Primary energy

Primary energy is the energy that's harvested directly from natural resources. Sources of primary energy fall into two basic categories, primary fuels and primary energy flows (see fuel vs flow for a detailed discussion). The fuels in primary energy are all primary fuels. A country's different sources of primary energy are aggregated into a quantity called total primary energy supply (TPES). All of human energy must come from one of these primary energy sources, there are no energy alternatives. Primary energy is contrasted with end use energy (for a full discussion please see primary vs end use accounting). Primary energy almost always needs to be converted through an energy conversion technology to make this primary energy source into an energy currency or a secondary fuel before it can be used.

Figure 1. This diagram[1] shows how Total Primary Energy Supply becomes Total Final Consumption. Various primary energy sources combine to make up the total primary energy supply (TPES). This primary energy is then changed with energy conversion technologies like power plants and refineries to become energy currencies.

For example:

Crude oil, coal, wind and natural gas are all primary energy sources. Electricity is not a primary energy source, it's an energy currency (see electricity as an energy currency for an in depth discussion). Likewise, secondary fuels are also energy currencies and aren't primary energy sources, they must be made.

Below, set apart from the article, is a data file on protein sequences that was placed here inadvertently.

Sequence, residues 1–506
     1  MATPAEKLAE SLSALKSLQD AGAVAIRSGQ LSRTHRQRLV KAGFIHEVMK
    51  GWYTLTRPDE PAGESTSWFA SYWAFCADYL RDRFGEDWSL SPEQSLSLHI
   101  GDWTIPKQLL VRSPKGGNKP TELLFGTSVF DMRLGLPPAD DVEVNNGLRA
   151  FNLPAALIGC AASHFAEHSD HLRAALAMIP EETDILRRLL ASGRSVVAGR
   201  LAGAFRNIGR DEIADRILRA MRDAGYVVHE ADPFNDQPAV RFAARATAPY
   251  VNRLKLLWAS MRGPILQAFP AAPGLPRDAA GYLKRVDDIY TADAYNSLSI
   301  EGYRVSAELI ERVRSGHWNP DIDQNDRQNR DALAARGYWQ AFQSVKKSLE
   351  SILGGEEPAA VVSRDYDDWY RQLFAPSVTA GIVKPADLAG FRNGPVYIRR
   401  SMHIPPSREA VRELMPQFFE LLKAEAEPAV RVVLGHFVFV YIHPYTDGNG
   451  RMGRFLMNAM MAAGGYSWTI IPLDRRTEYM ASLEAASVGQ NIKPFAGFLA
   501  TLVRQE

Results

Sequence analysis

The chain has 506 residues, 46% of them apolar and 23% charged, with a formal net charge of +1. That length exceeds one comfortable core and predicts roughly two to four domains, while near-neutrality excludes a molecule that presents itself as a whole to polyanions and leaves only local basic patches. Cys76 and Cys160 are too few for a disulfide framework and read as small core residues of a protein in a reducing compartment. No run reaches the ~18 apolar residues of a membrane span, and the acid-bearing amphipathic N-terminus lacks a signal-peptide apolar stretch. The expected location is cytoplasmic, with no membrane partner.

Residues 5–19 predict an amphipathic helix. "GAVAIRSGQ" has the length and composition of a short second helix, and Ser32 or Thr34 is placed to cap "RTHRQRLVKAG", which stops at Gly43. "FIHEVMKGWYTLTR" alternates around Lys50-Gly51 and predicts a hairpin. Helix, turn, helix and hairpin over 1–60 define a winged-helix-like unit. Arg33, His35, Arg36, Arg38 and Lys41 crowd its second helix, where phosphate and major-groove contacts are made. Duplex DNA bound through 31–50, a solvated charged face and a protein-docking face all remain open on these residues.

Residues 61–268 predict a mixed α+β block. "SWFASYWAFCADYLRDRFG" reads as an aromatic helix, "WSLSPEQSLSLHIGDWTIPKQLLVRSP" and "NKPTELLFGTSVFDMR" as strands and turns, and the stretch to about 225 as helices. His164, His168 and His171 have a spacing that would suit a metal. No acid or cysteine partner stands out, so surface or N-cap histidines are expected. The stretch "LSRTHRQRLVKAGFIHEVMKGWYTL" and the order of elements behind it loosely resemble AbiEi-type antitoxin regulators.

Most of the world's primary energy (~95%) comes from fuels, most of which are fossil fuels, see figure 1. This means that most of the world's energy supply emits carbon dioxide when it undergoes combustion in order to extract the energy. The world's primary energy is growing quite rapidly (even faster than population in most countries), specifically in rapidly growing economies like the BRIC countries, play with the interactive graph to see more.

Figure 2. Approximately 95% percent of the primary energy in the world comes from fuels like oil, coal and natural gas[2] (all of which except nuclear fuels produce extensive greenhouse gases when used). Most of the rest of the primary energy comes from hydropower with a small fraction is wind power, solar power, wave power and tidal power (the flows are roughly 5% shown, as the extracted pie pieces). The amount of electricity that comes from flows increases to about 19% (still mostly hydro) because flows don't have the same limitations of having a thermal efficiency's that heat engines have and flows are used almost entirely for electricity generation.

Interactive Graph

Play with the following interactive graphic to see how primary energy is increasing in different regions and countries. Use the drop down menus to change which view is shown (population doesn't work on regions yet). The units on the graph are millions of tonnes of oil equivalent (Mtoe), which is the energy in 1 million tonnes of oil.

For Further Reading


  1. Created internally by a member of the Energy Education team.
  2. IEA (2014), "World energy balances", IEA World Energy Statistics and Balances (database). DOI: (Accessed February 2015)